Another change that I am making is having a BAS every day for lunch. BAS is "Big-a$$ Salad." I've been reading a great blog by a woman who lost 135 pounds and has kept it off for 5 years! She eats a BAS every day for lunch. So I've done that every day this week. Lots of creative ideas and thoughts. Today I had the soup I made yesterday on top of my salad at lunch. I also do something very strange - I put my salad in the microwave for about 30 seconds. It takes the edge off of the cold and makes it so much more enjoyable for me.
There is a great German Bakery in Colorado Springs. I love love love their rye bread. It's delicious and I've been on a quest to find a recipe that replicates their bread. I think that I found it! Fair warning - it's pretty time-consuming, but the time is really in letting it rise and do its stuff.
I followed the directions exactly as written and OMG, it's delicious! I'm making more next weekend - two loaves! I may never buy bread from the store again. I love the fact that it only has 1 Tablespoon of oil in the whole loaf and has honey, not white sugar.
1 large loaf
- Bread flour -- 3/4 cup
- Rye flour -- 3/4 cup
- Honey or malt syrup -- 3 tablespoons
- Water, lukewarm -- 1 1/2 cups
- Instant yeast -- 1/2 teaspoon
- Bread flour -- 2 1/2 cups
- Caraway seeds -- 2 tablespoons
- Salt -- 1 1/2 teaspoons
- Instant yeast -- 1/2 teaspoon
- Oil -- 1 tablespoon
- Cornmeal -- for the baking tray
- Add the ingredients for the starter to a large bowl and mix together until smooth. Set aside for 10 minutes for the yeast to activate.
- While the starter is resting, mix together the remaining ingredients except for the oil and cornmeal. Pour the flour mixture over the starter. Do not stir. Cover with plastic wrap or a clean towel and set aside for at least two hours and up to five hours. The starter will bubble up through the flour mixture.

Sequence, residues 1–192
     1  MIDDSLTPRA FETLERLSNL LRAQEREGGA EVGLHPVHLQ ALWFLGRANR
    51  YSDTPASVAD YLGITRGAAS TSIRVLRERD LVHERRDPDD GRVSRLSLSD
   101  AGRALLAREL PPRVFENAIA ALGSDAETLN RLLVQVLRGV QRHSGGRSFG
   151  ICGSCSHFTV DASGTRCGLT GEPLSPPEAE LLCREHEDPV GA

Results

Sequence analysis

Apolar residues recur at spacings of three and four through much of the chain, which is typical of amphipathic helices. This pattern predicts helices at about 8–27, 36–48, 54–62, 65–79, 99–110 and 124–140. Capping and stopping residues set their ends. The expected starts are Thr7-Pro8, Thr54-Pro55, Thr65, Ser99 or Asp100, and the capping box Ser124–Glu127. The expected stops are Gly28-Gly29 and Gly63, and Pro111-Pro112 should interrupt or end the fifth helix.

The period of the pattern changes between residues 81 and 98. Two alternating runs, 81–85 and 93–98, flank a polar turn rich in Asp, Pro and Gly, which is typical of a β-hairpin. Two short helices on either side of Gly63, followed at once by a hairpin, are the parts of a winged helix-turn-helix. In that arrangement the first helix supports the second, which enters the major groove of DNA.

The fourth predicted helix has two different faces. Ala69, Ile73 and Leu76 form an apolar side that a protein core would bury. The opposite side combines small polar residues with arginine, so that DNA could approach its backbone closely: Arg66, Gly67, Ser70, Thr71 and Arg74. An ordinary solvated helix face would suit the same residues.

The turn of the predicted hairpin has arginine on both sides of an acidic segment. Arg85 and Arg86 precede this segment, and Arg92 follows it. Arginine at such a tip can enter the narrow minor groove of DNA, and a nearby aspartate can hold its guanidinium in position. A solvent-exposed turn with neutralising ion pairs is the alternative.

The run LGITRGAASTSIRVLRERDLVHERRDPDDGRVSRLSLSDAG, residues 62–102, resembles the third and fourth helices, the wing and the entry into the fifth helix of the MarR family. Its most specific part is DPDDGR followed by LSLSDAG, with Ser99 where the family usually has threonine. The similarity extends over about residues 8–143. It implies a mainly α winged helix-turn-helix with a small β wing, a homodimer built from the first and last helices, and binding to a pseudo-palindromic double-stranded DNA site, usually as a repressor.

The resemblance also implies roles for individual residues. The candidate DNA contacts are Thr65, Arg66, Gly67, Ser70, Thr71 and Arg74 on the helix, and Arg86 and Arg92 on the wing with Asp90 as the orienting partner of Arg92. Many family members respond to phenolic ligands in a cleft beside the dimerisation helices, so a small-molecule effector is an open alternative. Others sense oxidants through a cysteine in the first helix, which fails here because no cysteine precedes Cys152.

- Add the oil to the flour mixture and use a wooden spoon to stir the flour mixture into the starter. As the mixture comes together, remove the dough to a lightly floured work surface and knead for about 10 minutes, or until smooth and elastic. The dough might be a little sticky. Knead in just enough extra flour to keep the dough from sticking to your hands.
- Set the dough aside to rest for about 10 minutes, then knead for another 5 to 10 minutes.
- Set the dough in a large, lightly oiled bowl and lightly oil the top of the dough. Cover with plastic wrap or a clean towel and set in a draft-free area of the kitchen to rise until doubled in size, about 1 1/2 to 2 hours. Remove the dough to a lightly floured work surface. Punch down the dough and lightly knead it 3 or 4 times. Form into a ball, return to the bowl, cover and let rise for another 45 minutes or so.
- Preheat oven to 450°F and set the shelf at the lowest level. Put a small metal pan in the oven (you will use this later). Lightly press down on the dough and form it into a ball. Sprinkle the cornmeal onto a baking sheet and set the dough onto the baking sheet. Lightly oil the top of the dough and cover it with plastic wrap. Set aside to rise for another hour.
- Use a sharp knife or razor blade to slash the top of the dough in 3 parallel lines about 1/4-inch thick. Then slash with another set of 3 lines perpendicular to the first set. Use a spray bottle to mist the dough with water.
- Set the baking sheet in the oven and pour about 1 cup of water into the small pan to create steam. Shut the door immediately and bake for 15 minutes. Reduce heat to 400°F and bake for another 35 to 45 minutes. (An insta-read thermometer inserted into the middle of the loaf should register 190°F.)
- Set the loaf on a cooling rack and let cool completely.
This is the starter bubbling up through the flour mixture
This is the final loaf of bread - I should have made the cuts deeper. I forgot to take photos in between. The Broncos were playing the Steelers. I was lucky to get this!